THE PRIME MINISTER can still save himself from dishonour. There is still time for Bill English to set in motion an independent commission of inquiry into the events described in Nicky Hager’s and Jon Stephenson’s book Hit & Run. Over the past fortnight a powerful consensus has formed in support of such an inquiry. Senior parliamentarians, including the leaders of Labour, the Greens and United Future, have added their voices to those of the former National Party Defence Minister, Dr Wayne Mapp, and most of the nation’s leading newspaper editors and political journalists.
At the heart of that consensus lies a strong conviction that the reputation of the New Zealand Defence Force can only be protected by an independent and thoroughly transparent investigation into “Operation Burnham”. Anything less will, almost certainly, see our country subjected to the full rigour of international legal scrutiny. In the worst possible case, New Zealand could be found to have breached the rules of war. The Prime Minister owes his fellow citizens a better outcome than to be made the objects of international condemnation and censure.
Confronted with the painstakingly assembled evidence of Hager and Stephenson, English had only two options: to accept it, or, to reject it.
By accepting it, the Prime Minister would not be declaring Hager’s and Stephenson’s narrative to be accurate in every respect (mistakes have already been detected and acknowledged). What he would be saying, however, is that the authors have established a prima facie case for commissioning an independent examination of the evidence presented in their book.
The outcomes of any such investigation would, naturally, be unpredictable. The outcomes of a decision not to hold a full and independent inquiry, however, are readily foreseeable. A solid majority of informed New Zealanders will be left with no option but to conclude that English, his government and the NZDF have something to hide.
Deciding against an inquiry would also reveal something particularly shameful in the Prime Minister’s reasoning. English has repeatedly stated that there is insufficient “credible” evidence to justify an investigation. In other words, it is the Prime Minister’s contention that the investigation of Hager and Stephenson cannot/should not be given credence by his government.
What does this mean? The only logical conclusion to be drawn is that the Prime Minister is convinced that Hager and Stephenson have either concocted a false account of Operation Burnham; or, that the eye-witness accounts of the raid supplied by the villagers of Naik and Khak Khuday Dad; the death certificates and medical reports issued by responsible local officials (in which the names and injuries of 21 civilian casualties are listed) are not to be relied upon and should, therefore, be accorded no probative weight whatsoever.
The Prime Minister is further suggesting that the testimony of unnamed SAS troopers involved in “Operation Burnham”, gathered by Hager and Stephenson in order to corroborate the evidence of their Afghan witnesses, is without substance. Essentially, that they made it up. That everyone involved in Hit & Run: the authors, the villagers, the Afghan officials; are liars.
Just think about that for a moment. English had the option of treating the testimony of Afghan citizens (on whose behalf New Zealand undertook its 10 year military commitment) as a truthful rehearsal of the events of the night of 22 August 2010. Instead, he has described their evidence as lacking in credibility. But why would they lie? Presumably, because they were either fully-fledged “insurgents”, or Taliban supporters. (Even three-year-old, Fatima?!) Having killed a Kiwi soldier, these “enemy combatants” were now attempting to besmirch the reputation of his avengers.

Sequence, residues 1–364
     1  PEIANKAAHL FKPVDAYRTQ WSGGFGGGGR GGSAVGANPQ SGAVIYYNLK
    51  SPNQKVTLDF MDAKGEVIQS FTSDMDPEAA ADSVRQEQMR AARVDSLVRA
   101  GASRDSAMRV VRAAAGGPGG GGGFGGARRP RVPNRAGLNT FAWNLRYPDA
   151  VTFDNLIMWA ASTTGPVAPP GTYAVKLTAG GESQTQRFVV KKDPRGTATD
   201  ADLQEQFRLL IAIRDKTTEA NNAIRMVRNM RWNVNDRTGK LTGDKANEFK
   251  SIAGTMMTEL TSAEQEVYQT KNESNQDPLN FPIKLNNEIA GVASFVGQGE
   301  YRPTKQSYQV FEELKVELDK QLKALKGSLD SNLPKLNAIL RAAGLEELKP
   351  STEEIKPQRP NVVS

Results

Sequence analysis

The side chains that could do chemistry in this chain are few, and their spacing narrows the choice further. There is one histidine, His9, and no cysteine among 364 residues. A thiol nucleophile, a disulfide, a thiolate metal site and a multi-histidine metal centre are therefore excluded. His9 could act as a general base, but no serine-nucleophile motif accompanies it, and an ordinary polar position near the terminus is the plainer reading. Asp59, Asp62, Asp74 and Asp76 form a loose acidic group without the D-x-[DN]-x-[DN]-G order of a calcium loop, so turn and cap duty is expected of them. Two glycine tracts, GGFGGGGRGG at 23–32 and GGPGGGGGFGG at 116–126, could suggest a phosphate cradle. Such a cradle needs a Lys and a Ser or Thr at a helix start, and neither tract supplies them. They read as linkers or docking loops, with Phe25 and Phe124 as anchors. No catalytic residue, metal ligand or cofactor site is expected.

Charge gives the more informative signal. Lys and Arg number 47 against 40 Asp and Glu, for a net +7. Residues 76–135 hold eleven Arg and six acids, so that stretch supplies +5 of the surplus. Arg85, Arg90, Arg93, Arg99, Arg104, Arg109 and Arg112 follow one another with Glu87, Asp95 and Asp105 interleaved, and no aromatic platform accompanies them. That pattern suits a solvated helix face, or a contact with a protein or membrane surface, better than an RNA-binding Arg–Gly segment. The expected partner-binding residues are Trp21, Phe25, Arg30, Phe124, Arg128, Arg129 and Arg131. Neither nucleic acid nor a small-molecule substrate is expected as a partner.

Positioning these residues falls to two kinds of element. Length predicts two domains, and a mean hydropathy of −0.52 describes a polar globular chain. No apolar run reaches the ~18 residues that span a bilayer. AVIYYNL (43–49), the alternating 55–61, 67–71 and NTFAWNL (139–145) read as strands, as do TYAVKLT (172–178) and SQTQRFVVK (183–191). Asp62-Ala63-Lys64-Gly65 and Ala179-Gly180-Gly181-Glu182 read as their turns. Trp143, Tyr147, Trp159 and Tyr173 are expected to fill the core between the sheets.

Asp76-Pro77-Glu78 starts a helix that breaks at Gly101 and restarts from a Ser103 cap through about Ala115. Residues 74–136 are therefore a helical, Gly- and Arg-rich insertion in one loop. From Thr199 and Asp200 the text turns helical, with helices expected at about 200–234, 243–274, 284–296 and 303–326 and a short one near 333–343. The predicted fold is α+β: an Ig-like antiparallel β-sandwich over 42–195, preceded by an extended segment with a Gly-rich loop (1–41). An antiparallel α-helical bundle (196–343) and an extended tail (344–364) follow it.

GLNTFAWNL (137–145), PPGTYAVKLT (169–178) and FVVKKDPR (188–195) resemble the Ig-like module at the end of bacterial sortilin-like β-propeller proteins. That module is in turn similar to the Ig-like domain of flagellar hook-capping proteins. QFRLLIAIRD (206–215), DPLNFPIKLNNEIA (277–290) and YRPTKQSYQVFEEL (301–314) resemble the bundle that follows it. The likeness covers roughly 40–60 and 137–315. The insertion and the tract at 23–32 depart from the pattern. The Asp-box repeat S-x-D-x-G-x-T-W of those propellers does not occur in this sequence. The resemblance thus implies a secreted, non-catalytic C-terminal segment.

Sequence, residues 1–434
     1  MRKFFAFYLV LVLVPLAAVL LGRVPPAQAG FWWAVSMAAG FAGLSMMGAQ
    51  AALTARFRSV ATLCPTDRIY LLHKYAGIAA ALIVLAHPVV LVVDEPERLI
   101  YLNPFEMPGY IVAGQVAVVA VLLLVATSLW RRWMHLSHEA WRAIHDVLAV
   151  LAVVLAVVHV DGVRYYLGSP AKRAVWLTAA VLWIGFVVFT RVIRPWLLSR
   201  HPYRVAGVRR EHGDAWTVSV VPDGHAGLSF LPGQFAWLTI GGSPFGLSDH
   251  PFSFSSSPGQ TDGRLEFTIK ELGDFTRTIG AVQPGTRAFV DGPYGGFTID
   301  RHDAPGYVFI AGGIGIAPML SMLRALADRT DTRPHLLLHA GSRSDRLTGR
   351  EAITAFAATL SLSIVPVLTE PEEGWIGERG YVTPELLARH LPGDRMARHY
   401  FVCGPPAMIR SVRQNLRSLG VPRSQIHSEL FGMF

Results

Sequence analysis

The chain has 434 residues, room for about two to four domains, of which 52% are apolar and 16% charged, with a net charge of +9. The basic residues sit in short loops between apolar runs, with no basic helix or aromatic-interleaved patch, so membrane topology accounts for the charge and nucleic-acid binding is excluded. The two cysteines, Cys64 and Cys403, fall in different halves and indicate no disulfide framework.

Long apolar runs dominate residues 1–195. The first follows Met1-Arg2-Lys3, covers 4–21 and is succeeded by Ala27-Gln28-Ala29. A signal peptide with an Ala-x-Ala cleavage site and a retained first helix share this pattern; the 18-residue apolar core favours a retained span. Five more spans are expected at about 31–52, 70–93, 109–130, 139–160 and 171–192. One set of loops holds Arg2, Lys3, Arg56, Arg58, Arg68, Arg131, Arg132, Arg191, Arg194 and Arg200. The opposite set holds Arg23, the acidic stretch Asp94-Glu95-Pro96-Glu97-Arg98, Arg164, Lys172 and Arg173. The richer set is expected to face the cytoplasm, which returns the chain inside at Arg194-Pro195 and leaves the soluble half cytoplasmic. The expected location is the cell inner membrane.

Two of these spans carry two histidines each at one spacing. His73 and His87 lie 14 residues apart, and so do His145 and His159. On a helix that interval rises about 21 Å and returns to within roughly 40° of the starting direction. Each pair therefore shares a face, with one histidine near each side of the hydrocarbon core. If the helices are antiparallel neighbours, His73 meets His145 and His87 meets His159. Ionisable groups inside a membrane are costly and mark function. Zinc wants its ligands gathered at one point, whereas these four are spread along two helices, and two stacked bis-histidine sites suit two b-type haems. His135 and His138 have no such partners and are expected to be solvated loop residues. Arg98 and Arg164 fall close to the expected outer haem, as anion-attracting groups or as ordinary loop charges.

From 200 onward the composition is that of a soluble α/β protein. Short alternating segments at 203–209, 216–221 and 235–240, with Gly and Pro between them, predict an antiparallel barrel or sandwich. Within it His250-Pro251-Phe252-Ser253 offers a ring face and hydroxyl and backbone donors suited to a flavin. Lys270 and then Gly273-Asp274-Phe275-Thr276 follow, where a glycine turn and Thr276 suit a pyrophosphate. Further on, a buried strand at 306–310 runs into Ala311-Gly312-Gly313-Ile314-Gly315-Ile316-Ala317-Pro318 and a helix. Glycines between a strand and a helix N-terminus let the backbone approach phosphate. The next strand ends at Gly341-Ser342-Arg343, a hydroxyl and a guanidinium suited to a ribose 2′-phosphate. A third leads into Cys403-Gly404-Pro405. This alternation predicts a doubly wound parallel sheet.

Is this what the NZDF told the Prime Minister? Is this the essence of their classified briefings? That, in the villages of Naik and Khak Khuday Dad, and along the whole length of the Tirgiran Valley, there were no innocent civilians – only “insurgents”. That, wittingly or unwillingly, Hager and Stephenson have allowed themselves to be caught up in a Taliban propaganda exercise aimed at turning an “exemplary” SAS operation into a war crime.
But, surely, an “exemplary” SAS operation is something the NZDF would be only too willing to open up to the scrutiny of their fellow New Zealanders? What’s more, having been stung more than once by the investigative reporting of Nicky Hager and Jon Stephenson, the NZDF would presumably relish the opportunity to expose the authors of Hit & Run as Taliban dupes – or worse. If the NZDF has nothing to hide then, surely, it has nothing to fear – and much to gain – by recommending to the Prime Minister that he set up an independent inquiry into Operation Burnham?
And Bill English, himself? What are we to draw from his willingness to turn his face from the inhabitants of the Tirgiran Valley who have spoken so movingly of the terror, pain and loss they experienced at the hands of SAS troopers and US helicopter gunships acting in our name? Doesn’t he want to make certain that New Zealand does not have blood on its hands? And if there are SAS personnel out there with grave misgivings about the orders they were obliged to follow on the night of 22 August 2010 – doesn’t he want them to be heard? Or are a handful of weather-beaten Afghan peasants, and their brats, not worth the effort?
If that is the conclusion of our Prime Minister: and if that, ultimately, is his decision; then it is as dishonourable as it is misguided.